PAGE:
Woe is Her

The last few weeks have been eventful and uneventful at the same time.

It has been uneventful in that work is¬†just chugging along, to which destination is yet to be determined. In this respect it has become somewhat disheartening. I don’t feel particularly challenged, and whilst I still really like the majority of my colleagues (one leg of my Holy Trinity of Work Satisfaction), I don’t feel like I am learning anymore (another leg of the Holy Trinity). Things are definitely becoming stale.

The eventful aspect of my month has been the painful realisation that humanity can still be nasty. I was recently stabbed in the back by someone whom I considered both friend and colleague. I suspect it was more for her own professional gain rather than a vindictive, directed action against me. Unfortunately for her the rest of my team actually respect one another and were all somewhat shocked by her inappropriateness.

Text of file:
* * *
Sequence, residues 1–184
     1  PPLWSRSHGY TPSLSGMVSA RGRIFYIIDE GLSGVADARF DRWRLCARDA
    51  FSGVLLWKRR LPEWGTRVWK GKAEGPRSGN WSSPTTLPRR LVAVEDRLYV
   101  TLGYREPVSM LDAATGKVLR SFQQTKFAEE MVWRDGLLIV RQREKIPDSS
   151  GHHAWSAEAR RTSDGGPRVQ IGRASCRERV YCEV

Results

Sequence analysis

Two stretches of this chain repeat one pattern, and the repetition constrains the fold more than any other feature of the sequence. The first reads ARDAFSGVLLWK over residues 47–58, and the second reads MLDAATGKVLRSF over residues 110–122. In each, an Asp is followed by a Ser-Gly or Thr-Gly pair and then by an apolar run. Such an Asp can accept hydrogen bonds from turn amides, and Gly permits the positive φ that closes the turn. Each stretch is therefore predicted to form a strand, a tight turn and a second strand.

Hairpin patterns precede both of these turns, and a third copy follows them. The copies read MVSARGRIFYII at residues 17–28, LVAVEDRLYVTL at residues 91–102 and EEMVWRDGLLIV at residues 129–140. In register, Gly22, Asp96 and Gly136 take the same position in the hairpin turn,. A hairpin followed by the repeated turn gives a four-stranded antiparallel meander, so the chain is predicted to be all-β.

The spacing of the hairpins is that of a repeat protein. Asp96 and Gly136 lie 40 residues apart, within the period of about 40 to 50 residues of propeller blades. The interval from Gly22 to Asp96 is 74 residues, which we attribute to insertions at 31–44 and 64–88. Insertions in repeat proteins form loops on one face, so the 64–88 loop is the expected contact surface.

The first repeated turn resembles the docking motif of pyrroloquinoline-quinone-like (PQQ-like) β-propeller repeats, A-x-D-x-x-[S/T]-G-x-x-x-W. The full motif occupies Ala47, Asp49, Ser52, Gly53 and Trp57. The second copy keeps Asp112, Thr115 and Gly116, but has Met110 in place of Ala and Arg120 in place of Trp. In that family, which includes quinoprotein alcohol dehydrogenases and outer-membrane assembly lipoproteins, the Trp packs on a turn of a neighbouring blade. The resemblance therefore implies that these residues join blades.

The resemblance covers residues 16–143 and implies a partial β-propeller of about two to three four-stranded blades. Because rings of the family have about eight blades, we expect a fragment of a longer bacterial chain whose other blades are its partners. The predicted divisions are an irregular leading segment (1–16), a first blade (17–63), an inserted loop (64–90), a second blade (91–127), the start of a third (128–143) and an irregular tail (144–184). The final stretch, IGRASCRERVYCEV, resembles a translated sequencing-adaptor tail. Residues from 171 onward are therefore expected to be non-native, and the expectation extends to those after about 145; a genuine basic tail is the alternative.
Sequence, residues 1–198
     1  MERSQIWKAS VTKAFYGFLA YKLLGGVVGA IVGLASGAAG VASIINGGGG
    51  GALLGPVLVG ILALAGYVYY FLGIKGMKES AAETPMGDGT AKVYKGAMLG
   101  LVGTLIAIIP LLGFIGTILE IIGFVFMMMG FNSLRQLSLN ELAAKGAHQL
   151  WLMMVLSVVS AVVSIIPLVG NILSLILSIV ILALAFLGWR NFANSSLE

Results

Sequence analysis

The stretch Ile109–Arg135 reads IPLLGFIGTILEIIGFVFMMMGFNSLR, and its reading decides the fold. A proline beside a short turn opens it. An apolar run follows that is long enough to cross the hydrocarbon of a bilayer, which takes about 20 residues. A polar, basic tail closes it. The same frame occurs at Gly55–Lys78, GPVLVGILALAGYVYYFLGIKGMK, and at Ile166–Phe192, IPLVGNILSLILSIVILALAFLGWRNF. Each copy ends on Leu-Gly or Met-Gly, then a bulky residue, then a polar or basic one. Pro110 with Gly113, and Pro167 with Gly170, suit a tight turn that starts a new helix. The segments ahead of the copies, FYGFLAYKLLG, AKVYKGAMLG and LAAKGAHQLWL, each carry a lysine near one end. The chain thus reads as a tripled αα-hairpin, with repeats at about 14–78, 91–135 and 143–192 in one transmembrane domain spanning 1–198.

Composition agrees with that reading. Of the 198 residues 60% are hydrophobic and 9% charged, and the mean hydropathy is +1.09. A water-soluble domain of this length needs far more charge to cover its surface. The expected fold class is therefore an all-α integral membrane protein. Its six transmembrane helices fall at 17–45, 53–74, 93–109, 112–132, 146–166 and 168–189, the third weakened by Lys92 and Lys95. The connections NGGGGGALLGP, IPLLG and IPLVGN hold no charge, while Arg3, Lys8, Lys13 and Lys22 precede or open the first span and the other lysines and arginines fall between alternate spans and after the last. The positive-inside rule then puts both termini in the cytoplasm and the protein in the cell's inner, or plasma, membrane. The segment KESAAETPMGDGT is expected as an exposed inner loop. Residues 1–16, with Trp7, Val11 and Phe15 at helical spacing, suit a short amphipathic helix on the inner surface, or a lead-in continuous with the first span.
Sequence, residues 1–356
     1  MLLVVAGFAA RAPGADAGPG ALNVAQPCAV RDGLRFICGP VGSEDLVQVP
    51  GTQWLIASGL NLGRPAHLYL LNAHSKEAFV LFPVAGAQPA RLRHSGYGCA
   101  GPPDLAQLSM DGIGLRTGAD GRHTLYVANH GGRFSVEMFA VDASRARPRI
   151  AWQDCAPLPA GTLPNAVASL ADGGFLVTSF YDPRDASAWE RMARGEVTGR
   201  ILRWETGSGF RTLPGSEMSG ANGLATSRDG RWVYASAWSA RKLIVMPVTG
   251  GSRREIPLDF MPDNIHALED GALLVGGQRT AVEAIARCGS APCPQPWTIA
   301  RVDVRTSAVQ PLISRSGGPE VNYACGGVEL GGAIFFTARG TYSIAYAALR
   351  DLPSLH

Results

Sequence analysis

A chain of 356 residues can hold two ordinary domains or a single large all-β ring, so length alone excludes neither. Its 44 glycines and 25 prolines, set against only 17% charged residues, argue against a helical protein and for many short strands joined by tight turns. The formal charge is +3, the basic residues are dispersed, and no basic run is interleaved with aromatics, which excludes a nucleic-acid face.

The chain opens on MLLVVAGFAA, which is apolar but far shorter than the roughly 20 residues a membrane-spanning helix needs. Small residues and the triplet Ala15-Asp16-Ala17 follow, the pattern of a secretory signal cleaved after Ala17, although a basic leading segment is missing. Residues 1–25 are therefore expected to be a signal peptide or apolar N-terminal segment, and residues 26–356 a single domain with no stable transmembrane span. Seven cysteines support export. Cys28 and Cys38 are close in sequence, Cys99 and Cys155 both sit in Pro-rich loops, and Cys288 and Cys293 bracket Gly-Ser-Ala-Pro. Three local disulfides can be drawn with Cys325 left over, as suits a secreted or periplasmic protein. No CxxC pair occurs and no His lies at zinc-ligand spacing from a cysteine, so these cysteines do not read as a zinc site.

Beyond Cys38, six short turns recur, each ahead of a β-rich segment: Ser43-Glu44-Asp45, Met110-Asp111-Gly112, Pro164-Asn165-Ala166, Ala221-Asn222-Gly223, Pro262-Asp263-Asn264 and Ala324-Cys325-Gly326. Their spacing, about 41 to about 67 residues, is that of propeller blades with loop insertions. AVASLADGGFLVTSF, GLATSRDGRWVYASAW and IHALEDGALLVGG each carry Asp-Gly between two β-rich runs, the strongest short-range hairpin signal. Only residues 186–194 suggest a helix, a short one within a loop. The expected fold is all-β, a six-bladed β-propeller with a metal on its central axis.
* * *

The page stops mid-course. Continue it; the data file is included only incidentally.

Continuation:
This has led me to question not only her motivation in doing what she did, but more generally our own motivations in doing what we do.

FYI. I don’t have the answer!

I suspect most of what we do is self-serving. But it goes deeper than that. The particular backstabbing colleague was in all sorts of distress just a fortnight prior to the incident. She wasn’t sure if she still had a job and created a fuss with her self-deprecating, woe-is-me attitude. So I asked her what was wrong. As it turns out, she has bills to pay (what, unlike the rest of us?), a career to build (ok…) and a sick mother to take care of.

So was that the problem then? The cause of her stress? Perhaps. Supposing that was the truth, then is her motivation really still self-serving? Should I feel sorry for her? Pity her?

Hmmm… I think I’ll just go back to looking out for Number 1.

* I will elaborate on the Holy Trinity of Work Satisfaction in another post.

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